Each December, Adrian Gray invites his extended family to stay at his lonely house, Kings Poplars. None of Gray’s six surviving children is fond of him; several have cause to wish him dead. The family gathers on Christmas Eve – and by the following morning, their wish has been granted. 

This fascinating and unusual novel tells the story of what happened that dark Christmas night; and what the murderer did next.

I’ve recently finished  A Dying Note by Ann Parker, her latest book in the Silver Rush Mysteries, which was published on 3 April 2018.

I loved this book, set in the autumn of 1881 in San Francisco, where Inez Stannert is making a new start in life, managing a music store. All is going well until the body of a young man, Jamie Monroe, is found washed up on the banks of Mission Creek canal.

I posted my review on Monday and gave it 4 stars.

What do you think you’ll read next:

Will it be Time is a Killer by Michel Bussi, which was published on 5 April 2018 and in last week’s post was the book I said I might read next? Or will it be something else? I still don’t know.

Description:

‘One of France’s most ingenious crime writers’ SUNDAY TIMES

‘Bussi breaks every rule in the book’ JOAN SMITH

It is summer 1989 and fifteen-year-old Clotilde is on holiday with her parents in Corsica. On a twisty mountain road, their car comes off at a curve and plunges into a ravine. Only Clotilde survives.

Twenty-seven years later, she returns to Corsica with her husband and their sulky teenage daughter. Clotilde wants the trip to do two things – to help exorcise her past, and to build a bridge between her and her daughter. But in the very place where she spent that summer all those years ago, she receives a letter. From her mother. As if she were still alive.

As fragments of memory come back, Clotilde begins to question the past. And yet it all seems impossible – she saw the corpses of her mother, her father, her brother. She has lived with their ghosts. But then who sent this letter – and why?

Have you read any of these books?  Do any of them tempt you? 

A Dying Note by Ann Parker

Poisoned Pen Press|3 April 2018|319 pages|e-book |Review copy|4*

The Fire Court by Andrew Taylor

Harper Collins UK|5 April 2018|448 p|e-book |Review copy|5*

My Friday Post: A Dying Note by Ann Parker

Book Beginnings Button

Every Friday Book Beginnings on Friday is hosted by Gillion at Rose City Reader where you can share the first sentence (or so) of the book you are reading, along with your initial thoughts about the sentence, impressions of the book, or anything else the opener inspires.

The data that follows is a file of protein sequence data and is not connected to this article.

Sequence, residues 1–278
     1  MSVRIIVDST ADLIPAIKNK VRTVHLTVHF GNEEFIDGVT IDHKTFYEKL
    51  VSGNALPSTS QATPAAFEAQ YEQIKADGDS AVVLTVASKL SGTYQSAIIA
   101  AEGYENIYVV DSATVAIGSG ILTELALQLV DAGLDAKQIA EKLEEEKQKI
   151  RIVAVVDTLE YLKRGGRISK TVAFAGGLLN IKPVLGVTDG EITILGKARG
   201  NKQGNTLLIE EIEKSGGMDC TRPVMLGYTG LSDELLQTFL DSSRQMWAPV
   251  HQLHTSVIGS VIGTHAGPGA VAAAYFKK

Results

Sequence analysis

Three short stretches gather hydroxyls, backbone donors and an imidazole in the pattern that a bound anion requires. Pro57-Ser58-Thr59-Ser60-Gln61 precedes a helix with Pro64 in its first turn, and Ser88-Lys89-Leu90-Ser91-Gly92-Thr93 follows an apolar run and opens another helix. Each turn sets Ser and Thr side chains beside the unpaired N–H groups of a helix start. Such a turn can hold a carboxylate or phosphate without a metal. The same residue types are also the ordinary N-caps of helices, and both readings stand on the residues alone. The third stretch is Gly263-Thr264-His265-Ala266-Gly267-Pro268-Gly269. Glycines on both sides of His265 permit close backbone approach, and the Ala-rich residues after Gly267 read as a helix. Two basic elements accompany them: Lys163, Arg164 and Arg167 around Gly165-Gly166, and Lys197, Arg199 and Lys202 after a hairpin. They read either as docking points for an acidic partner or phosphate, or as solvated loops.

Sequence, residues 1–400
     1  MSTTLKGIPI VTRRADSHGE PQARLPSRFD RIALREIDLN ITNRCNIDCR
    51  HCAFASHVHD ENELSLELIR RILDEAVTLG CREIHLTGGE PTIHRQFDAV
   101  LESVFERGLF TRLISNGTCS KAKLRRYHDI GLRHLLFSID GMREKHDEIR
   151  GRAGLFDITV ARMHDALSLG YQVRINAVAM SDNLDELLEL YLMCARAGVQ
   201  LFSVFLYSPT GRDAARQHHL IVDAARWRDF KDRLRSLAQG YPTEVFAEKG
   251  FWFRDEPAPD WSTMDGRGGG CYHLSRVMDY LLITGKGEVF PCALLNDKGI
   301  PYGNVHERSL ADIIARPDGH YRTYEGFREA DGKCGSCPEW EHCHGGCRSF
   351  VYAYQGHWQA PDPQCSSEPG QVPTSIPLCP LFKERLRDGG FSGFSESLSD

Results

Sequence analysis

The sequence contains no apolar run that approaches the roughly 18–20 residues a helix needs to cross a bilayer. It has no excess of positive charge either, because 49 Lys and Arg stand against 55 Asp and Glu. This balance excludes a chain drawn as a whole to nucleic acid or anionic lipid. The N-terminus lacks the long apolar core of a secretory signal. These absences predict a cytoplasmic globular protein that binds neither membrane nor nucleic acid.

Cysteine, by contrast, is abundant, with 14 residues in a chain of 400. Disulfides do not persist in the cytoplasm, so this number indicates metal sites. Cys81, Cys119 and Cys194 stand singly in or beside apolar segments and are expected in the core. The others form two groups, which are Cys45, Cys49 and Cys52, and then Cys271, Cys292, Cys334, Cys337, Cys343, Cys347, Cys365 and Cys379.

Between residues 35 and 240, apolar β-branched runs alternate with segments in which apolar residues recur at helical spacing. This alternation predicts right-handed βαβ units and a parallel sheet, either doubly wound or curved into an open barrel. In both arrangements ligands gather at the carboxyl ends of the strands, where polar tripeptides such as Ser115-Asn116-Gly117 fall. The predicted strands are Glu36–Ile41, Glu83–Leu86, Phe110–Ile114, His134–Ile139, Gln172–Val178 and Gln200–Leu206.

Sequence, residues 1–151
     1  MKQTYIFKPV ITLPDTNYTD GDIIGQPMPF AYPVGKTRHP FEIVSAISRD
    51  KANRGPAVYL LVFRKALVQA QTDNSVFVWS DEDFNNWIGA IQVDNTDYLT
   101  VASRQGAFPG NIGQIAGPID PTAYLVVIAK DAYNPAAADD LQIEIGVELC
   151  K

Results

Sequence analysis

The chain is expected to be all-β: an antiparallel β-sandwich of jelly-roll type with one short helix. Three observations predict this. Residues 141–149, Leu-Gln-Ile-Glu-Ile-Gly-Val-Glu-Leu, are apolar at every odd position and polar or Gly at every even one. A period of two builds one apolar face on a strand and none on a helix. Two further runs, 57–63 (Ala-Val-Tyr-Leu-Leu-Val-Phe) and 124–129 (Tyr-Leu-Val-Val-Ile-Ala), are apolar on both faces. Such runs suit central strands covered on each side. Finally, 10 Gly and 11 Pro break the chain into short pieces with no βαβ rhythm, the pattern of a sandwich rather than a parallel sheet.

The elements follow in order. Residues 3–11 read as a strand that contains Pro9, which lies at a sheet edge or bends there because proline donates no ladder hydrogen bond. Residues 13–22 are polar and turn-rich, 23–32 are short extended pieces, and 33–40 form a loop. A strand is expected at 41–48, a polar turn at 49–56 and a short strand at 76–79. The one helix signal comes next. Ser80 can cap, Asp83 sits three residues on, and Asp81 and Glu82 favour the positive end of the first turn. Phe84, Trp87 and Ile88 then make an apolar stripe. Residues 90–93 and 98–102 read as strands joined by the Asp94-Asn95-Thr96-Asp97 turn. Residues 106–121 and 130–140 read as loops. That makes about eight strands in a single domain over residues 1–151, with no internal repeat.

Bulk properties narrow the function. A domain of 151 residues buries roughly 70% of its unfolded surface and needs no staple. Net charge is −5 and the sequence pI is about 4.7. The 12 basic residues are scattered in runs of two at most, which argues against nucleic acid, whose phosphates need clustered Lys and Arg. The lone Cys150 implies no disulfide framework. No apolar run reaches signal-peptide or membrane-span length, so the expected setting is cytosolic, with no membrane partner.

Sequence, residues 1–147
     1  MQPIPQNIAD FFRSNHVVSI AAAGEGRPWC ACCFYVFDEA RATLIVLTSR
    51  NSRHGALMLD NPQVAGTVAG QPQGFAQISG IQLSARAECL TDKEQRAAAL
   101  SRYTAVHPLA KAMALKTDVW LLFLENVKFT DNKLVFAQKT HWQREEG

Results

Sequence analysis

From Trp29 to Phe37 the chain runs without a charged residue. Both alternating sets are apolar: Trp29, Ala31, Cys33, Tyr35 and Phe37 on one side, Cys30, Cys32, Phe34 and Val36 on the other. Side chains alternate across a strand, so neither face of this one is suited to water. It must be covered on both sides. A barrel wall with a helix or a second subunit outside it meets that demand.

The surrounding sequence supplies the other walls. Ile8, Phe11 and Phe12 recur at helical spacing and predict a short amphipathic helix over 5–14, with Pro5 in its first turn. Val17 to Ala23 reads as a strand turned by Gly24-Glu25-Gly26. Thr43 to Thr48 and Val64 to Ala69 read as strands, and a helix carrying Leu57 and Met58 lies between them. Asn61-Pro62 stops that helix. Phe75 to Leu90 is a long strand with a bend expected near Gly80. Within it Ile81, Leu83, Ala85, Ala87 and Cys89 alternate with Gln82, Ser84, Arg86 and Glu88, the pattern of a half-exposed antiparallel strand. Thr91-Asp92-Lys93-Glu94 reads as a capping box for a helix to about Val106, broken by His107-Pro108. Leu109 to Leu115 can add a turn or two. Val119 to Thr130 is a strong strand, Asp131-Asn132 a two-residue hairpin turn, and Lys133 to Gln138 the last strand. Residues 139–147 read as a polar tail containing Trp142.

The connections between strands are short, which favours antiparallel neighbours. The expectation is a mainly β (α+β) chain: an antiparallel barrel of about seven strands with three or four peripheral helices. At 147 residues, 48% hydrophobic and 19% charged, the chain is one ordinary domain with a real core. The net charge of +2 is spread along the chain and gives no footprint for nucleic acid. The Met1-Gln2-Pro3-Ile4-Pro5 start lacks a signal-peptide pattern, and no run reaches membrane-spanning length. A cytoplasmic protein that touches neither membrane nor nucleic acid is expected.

This week’s book is A Dying Note by Ann Parker, her latest book in the Silver Rush Mysteries, which was published on 3 April 2018. I’ve just finished it, so my review will up soon.

 

It begins:

Not my hands!

Throat crushed, blood gurgled, words choked so they screamed only in the mind.

A dramatic opening to this novel set in 1881.

Also every Friday there is The Friday 56, hosted by Freda at Freda’s Voice.

30879-friday2b56These are the rules:

  1. Grab a book, any book.
  2. Turn to page 56, or 56% on your eReader.
  3. Find any sentence (or a few, just don’t spoil it) that grabs you.
  4. Post it.
  5. Add the URL to your post in the link on Freda’s most recent Friday 56 post.

56%:

Inez allowed herself to consider what life might have been like if she, her then-husband Mark Stannert, and their business partner, Abe Jackson, had come all the way to San Francisco as originally planned. Perhaps they would have built a drinking and gaming establishment to capture some of the fortune from gambling fever that clutched the golden city.

But that was not what happened. Seduced by the possibilities in the silver mining boom town of Leadville they had lingered in the city in the clouds, then settled in.

Description (Goodreads):

It’s autumn of 1881, and Inez Stannert, still the co-owner of Leadville, Colorado’s Silver Queen saloon, is settled in San Francisco with her young ward, Antonia Gizzi. Inez has turned her business talents to managing a music store, hoping to eventually become an equal partner in the enterprise with the store’s owner, a celebrated local violinist.

Inez’s carefully constructed life for herself and Antonia threatens to tumble about her ears when the badly beaten body of a young musician washes up on the filthy banks of San Francisco’s Mission Creek canal.

~~~

This is a fascinating historical mystery – I loved it.

What do you think? Have you read it – or are you planning to read it?